Students pursuing a BM degree must play major and minor scales and arpeggios chosen by jurors played four octaves at appropriate velocity. The student should also offer polished and memorized performance of three movements or works contrasting in style and period, which are of a level of difficulty comparable to that of the easier Preludes and Fugues from Bach’s Well-Tempered Clavier; the easier sonatas by Haydn, Mozart, or Beethoven (excluding Mozart Sonata in C, K. 545, or Beethoven Sonatas, Op. 49); or Chopin Waltzes and easier Nocturnes. While one of the works may have been presented on previous juries, two of them must be prepared for the first time during the semester in which the barrier jury occurs. In the event of unsatisfactory performance, the student may continue to study as a piano principal but will be held at the sophomore level (MUPS 2111) until piano faculty determines deficiencies have been addressed. For those pursuing the BA degree as a piano principal, the requirement is to receive a passing grade in the four lower level hours of piano.

Piano Performance Major Private Instruction (MUPS)

First Year

1111—1-4 credit hours

Second Year

2111—1-4 credit hours

Third Year

3111—1-4 credit hours

Fourth Year

4111—1-4 credit hours

Class Instruction (MUPC)

1111, 1112, 1113, 1114 Class Piano I, II, III, IV

4311 Piano Pedagogy

Voice Area

To be placed in a credit sequence as a principal in voice, a student should be prepared to sing on pitch, with correct phrasing and musical intelligence, art songs in English such as those listed by the National Association of Teachers of Singing for high school age singers, or the Texas University Interscholastic League Contest Bulletin, published by the University Interscholastic League, Box 8028, University Station, Austin, TX 78713. The student should also be able to read a simple song or hymn at sight.

Sophomore Barrier for Voice

At this level, the voice student should achieve good breath management and support techniques as evident in a free-flowing, natural vibrato and show expression of musical line with rhythmic accuracy. Students pursuing a BM degree must demonstrate diction accuracy in English, Italian, French and German. Those pursuing a BA degree must demonstrate diction accuracy in two languages. This will be assessed by the jury at the end of the second semester at the 2121 level.

Voice Performance Major Private Instruction (MUPS)

First Year

1121—1-4 credit hours

Second Year

2121—1-4 credit hours

Third Year

3121—1-4 credit hours

Fourth Year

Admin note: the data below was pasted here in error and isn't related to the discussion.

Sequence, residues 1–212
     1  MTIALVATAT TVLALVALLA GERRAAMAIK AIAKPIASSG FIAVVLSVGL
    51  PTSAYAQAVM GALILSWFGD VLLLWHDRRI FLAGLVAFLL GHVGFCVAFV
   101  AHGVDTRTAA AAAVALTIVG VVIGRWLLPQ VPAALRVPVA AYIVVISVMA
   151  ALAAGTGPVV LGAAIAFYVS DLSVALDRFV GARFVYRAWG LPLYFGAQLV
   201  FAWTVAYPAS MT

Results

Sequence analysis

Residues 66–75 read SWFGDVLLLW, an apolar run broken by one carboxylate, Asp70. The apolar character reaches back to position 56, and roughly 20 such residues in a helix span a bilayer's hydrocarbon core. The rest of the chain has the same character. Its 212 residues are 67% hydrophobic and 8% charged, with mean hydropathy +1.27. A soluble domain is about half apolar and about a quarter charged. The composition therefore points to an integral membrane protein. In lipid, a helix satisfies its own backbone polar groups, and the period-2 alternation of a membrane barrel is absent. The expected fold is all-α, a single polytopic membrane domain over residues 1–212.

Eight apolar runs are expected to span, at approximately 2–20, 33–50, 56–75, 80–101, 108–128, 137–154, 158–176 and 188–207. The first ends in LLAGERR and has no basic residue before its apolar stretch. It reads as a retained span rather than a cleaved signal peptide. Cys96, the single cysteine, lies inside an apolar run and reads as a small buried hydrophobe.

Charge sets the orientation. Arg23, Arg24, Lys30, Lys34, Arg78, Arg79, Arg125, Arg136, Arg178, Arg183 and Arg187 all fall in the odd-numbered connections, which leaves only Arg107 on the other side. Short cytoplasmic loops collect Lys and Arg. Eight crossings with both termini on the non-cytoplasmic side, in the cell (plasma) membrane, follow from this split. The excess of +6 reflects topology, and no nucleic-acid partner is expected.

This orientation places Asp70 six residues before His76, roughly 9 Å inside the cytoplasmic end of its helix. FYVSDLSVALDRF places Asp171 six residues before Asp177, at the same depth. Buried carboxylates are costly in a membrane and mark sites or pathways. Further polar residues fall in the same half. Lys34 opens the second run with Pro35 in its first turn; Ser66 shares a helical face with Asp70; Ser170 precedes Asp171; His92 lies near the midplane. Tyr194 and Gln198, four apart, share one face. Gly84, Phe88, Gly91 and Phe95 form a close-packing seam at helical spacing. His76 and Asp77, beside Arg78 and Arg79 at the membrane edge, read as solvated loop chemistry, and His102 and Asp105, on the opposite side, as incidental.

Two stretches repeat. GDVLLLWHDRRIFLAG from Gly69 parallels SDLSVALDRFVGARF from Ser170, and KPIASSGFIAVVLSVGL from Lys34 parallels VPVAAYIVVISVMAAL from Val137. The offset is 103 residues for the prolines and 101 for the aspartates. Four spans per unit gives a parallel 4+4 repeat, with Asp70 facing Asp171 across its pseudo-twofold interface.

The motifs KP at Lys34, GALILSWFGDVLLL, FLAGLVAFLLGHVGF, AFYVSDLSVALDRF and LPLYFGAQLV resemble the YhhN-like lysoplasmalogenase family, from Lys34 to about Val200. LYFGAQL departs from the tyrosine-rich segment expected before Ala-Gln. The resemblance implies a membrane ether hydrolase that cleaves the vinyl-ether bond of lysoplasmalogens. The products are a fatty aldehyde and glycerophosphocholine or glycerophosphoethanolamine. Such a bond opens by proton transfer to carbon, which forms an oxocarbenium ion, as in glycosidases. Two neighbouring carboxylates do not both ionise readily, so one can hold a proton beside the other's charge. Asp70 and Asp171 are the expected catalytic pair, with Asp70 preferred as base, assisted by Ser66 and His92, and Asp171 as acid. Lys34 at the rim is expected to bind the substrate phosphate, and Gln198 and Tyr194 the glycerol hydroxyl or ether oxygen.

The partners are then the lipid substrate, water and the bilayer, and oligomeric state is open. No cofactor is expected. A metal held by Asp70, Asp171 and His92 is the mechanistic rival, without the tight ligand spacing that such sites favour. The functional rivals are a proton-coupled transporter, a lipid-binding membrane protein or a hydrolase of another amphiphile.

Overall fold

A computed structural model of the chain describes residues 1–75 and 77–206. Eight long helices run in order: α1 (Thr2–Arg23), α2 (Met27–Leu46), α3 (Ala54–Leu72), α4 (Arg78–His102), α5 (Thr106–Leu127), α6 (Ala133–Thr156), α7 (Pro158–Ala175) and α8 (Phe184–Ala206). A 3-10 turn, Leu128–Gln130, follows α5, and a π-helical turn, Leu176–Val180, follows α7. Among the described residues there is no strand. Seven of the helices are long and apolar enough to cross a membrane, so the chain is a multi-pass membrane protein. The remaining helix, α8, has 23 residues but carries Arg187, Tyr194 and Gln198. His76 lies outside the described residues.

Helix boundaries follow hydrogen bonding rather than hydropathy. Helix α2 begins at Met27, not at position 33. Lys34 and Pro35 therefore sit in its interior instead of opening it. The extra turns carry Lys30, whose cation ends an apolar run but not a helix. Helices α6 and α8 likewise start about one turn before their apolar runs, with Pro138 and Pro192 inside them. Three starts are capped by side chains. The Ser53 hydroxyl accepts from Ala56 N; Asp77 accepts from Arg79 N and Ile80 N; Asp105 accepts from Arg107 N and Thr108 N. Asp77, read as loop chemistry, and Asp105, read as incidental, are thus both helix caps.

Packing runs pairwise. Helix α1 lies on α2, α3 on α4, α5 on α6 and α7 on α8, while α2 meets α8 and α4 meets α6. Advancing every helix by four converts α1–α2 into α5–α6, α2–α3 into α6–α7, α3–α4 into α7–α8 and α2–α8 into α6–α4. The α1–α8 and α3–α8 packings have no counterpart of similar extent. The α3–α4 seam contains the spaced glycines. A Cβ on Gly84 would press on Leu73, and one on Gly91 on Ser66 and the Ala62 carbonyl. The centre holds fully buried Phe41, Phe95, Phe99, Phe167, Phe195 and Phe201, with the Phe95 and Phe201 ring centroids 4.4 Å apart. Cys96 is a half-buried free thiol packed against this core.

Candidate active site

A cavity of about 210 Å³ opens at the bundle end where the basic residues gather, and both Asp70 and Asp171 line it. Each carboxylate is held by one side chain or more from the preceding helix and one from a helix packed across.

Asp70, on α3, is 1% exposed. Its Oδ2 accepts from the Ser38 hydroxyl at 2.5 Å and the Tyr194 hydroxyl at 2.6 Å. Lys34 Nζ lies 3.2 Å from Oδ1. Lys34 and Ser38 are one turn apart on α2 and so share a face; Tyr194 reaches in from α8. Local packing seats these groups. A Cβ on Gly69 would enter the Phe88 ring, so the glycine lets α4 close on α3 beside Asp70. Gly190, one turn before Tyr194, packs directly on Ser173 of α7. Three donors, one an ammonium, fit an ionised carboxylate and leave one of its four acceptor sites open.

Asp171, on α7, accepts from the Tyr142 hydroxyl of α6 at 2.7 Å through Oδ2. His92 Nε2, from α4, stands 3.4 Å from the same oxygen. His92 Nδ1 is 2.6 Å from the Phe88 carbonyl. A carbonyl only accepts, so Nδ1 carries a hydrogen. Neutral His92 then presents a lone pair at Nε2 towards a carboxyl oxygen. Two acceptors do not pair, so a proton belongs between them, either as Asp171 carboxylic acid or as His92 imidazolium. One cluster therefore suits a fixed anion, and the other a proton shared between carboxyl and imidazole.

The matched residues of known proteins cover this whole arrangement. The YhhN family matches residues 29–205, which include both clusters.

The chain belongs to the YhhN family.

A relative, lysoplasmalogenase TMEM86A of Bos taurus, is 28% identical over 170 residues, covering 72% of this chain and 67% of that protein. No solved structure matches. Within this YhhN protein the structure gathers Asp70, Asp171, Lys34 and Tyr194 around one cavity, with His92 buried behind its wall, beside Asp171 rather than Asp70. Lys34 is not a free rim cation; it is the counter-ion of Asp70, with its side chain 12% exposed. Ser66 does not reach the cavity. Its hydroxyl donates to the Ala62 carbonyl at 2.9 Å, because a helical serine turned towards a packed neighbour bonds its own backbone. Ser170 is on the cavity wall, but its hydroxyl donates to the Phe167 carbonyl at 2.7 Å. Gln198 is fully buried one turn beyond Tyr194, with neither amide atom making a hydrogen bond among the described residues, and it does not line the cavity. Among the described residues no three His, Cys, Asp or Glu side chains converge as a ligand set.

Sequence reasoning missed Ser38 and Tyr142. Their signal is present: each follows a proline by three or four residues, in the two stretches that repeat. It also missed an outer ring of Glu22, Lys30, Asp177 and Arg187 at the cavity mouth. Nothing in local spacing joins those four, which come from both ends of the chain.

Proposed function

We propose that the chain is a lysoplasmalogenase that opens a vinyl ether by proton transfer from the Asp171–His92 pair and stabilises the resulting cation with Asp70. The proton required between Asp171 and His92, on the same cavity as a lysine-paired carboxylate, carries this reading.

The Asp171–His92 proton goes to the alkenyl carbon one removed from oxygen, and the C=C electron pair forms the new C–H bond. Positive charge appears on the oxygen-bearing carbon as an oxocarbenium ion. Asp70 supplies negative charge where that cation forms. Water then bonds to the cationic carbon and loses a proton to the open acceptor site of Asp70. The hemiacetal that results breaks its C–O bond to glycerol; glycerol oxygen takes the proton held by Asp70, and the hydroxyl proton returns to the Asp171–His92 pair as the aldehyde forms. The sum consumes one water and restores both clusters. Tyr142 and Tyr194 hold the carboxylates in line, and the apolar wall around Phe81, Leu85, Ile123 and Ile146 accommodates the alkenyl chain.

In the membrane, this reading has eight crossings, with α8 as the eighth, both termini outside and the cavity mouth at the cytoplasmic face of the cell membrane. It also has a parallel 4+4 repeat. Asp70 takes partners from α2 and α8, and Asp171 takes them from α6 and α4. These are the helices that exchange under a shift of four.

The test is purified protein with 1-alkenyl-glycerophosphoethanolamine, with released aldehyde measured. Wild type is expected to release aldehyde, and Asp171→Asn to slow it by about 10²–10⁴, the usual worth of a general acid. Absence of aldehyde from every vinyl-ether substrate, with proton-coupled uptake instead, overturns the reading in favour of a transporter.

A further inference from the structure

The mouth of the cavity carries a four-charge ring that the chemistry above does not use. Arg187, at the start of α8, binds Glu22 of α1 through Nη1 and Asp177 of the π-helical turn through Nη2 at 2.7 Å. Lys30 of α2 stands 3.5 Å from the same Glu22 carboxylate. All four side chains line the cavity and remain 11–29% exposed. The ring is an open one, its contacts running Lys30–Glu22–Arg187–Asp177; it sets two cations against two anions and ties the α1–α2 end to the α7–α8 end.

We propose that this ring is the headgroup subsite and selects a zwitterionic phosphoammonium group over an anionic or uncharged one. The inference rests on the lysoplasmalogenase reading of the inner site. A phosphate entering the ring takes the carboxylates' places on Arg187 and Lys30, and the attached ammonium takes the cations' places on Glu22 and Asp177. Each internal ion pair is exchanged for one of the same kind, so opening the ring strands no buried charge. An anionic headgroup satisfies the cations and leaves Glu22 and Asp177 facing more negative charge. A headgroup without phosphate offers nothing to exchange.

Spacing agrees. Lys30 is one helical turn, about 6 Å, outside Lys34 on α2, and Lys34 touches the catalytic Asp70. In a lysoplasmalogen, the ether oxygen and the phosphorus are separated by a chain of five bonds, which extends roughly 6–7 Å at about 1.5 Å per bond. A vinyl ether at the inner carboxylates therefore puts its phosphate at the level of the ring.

4121—1-4 credit hours

Class Instruction (MUPC)

1121 Class Voice

1125 Diction I

1126 Diction II

4321 Voice Pedagogy


Orchestra and Band Instrument Area

Brass, Percussion, Strings, Woodwinds, Guitar

To be placed in a credit sequence as a principal in an instrument, a student should be prepared to play, with correct phrasing and musical intelligence, selections from the Selective Music Lists of Instrumental Solos published by the National Interscholastic Music Activities Commission, 1201 Sixteenth Street, N.W., Washington, D.C. 20036, or the Texas University Interscholastic League Contest Bulletin. The student should also be able to read a simple selection at sight.

Sophomore Barrier for Brass, Percussion, Strings, Woodwinds, Guitar

Students pursuing a BA degree will be required to perform at least two pieces of contrasting styles chosen by the professor. Students pursuing a BM degree will be required to perform at least two pieces of contrasting styles chosen by the professor, in addition to any scales required by the professor. All students will be judged on quality of intonation, rhythm, tone, and understanding of musical style.

The barrier for percussion will require performance on snare drum, marimba, and timpani.

Instrumental Private Instruction (MUPS)

First Year (1-4 credit hours)
1141 Strings
1151 Brass
1161 Woodwinds
1171 Percussion
1191 Guitar (principal emphasis only)

Second Year (1-4 credit hours)
2141 Strings
2151 Brass
2161 Woodwinds
2171 Percussion
2191 Guitar (principal emphasis only)

Third Year (1-4 credit hours)
3141 Strings
3151 Brass
3161 Woodwinds
3171 Percussion
3191 Guitar (principal emphasis only)

Fourth Year (1-4 credit hours)
4141 Strings
4151 Brass
4161 Woodwinds
4171 Percussion
4191 Guitar (principal emphasis only)

Class Instruction (MUPC)
2099 (1-4 credit hours) Special Studies
4341 String Pedagogy
4351 Brass Pedagogy
4361 Woodwind Pedagogy
4371 Percussion Pedagogy


Ensembles are open to all interested students. The purpose of the music ensemble experience is to provide musical enrichment, growth in musical understanding and skills, and experience in group expression through performance of music of various styles from the Middle Ages to the present. The purchase of an appropriate uniform may be required for some ensembles.

Instrumental Ensembles (MUEI)
1101, 2101, 3101, 4101 University Concert Band
1111, 2111, 3111, 4111 Cowboy Band
1151, 2151, 3151, 4151 Jazz Ensemble
1113, 2113, 3113, 4113 Handbell Choir
1131,2131,3131,4131 Orchestra
1141,2141,3141,4141 String Ensemble
1151,2151,3151,4151 Brass Ensemble
1161,2161,3161,4161 Woodwind Ensemble
1171,2171,3171,4171 Percussion Ensemble
1191,2191,3191,4191 Piano Ensemble

Vocal Ensembles (MUEV)
1101, 2101, 3101, 4101 HSU Chorale
1111, 2111, 3111, 4111 Concert Choir
1141, 2141, 3141, 4141 Gospel Choir
1131, 2131, 3131, 4131 Opera Workshop


Music Education

Objectives - Through the study and application of philosophy, method, and practice, the student in Music Education is prepared for a vocation in the public school music classroom, and/or church music. By means of intensive classroom and ensemble experience, the Department of Music Education provides the student with skills necessary for professional competency.

For students entering the teaching field, these competencies include areas of teaching/learning psychology, international teaching methods and techniques, and an introduction to the total range of today’s music curriculum e.g., solo/vocal instrumental performance, ensemble experiences, general music study, and professional laboratory related experiences with the public school system.